Plans for a ground-breaking 12MW floating offshore wind project to be installed in waters off the US state of Maine will be reconsidered by the state’s Public Utilities Commission (PUC) on Thursday.
Developer Statoil has revised its original proposal, reducing the amount it is asking to receive for the electricity that the project’s four turbines would generate.
Statoil’s initial Hywind proposal did not convince Maine’s PUC, with some commissioners arguing that it would not offer the state sufficient long-term economic gain. In response, Statoil has reduced the amount it is seeking from any power purchase agreements (PPA) it signs with local utilities, from $320-290/MWh down to $270/MWh.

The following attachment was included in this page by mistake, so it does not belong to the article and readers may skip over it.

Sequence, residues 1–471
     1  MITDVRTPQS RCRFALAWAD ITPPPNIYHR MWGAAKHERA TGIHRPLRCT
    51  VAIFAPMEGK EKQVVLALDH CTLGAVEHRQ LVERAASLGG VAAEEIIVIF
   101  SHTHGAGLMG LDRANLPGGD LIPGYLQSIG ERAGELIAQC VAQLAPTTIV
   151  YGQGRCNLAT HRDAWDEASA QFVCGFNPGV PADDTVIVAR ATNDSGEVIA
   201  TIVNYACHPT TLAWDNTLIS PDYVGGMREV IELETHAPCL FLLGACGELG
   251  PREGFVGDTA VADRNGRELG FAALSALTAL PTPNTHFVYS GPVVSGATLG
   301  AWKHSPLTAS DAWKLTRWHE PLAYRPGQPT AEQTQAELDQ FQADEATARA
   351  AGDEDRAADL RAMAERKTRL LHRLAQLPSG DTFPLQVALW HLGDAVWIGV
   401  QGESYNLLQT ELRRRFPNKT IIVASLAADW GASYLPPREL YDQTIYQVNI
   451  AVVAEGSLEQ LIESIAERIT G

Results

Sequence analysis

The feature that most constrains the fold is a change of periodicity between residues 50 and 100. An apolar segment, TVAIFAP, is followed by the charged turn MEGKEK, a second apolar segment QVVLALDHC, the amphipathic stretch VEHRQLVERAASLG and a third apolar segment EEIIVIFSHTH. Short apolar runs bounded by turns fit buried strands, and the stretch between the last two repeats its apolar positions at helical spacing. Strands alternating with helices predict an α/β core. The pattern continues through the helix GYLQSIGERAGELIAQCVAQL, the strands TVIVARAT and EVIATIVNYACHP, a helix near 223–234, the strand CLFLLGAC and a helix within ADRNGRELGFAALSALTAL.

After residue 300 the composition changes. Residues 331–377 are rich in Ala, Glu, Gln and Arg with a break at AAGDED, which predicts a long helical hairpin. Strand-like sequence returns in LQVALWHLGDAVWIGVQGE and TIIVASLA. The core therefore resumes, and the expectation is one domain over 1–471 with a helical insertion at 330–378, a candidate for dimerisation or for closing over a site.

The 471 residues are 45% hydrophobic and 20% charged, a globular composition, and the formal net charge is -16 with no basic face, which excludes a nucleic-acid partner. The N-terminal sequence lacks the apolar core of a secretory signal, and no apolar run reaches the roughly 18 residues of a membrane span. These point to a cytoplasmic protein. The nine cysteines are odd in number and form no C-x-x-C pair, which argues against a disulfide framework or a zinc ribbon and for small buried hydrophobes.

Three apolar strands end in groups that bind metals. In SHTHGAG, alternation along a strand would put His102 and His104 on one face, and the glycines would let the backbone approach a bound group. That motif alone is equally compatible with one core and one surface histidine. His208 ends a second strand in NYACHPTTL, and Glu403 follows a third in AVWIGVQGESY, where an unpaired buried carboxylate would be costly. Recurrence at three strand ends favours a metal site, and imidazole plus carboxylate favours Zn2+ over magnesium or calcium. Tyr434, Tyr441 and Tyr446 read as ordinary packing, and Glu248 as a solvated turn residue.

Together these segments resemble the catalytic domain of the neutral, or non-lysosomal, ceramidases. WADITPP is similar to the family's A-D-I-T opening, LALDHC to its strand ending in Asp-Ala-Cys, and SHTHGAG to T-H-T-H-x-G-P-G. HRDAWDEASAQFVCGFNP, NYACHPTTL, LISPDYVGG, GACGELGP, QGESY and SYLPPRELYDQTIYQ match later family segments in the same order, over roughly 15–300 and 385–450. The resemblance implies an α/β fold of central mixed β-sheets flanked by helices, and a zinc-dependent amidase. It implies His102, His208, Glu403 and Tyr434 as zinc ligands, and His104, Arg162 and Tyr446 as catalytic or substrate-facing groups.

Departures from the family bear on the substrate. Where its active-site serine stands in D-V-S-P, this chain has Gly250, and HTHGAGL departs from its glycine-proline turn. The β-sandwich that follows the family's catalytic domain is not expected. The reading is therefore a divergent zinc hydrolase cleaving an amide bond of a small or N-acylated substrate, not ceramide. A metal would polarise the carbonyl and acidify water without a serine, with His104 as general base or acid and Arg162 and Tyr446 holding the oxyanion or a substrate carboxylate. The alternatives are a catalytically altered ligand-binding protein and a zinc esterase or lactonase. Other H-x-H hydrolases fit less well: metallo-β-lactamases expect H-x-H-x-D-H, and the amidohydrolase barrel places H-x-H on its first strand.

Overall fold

The Norwegian oil and gas firm has also promised to employ at least 150 Maine residents to work on the project and to spend a minimum of 40% of the project’s capital and operational costs in Maine.
If the PUC approves the revised proposal, this will allow Statoil to move toward negotiating twenty-year PPAs. However, the project’s future would still depend on the awarding of substantial grants from the US Department of Energy and the securing of offshore investment tax credits. One DoE grant for the project was announced late last year.
The initial Hywind pilot in Norwegian waters features a single turbine and has been a technical success, with good electricity generation. Statoil is now seeking to develop one or more multiple-turbine Hywind trials, with the site off Maine’s Booth Bay Harbour in the running. Another site, off Scotland’s north east coast, is also under consideration.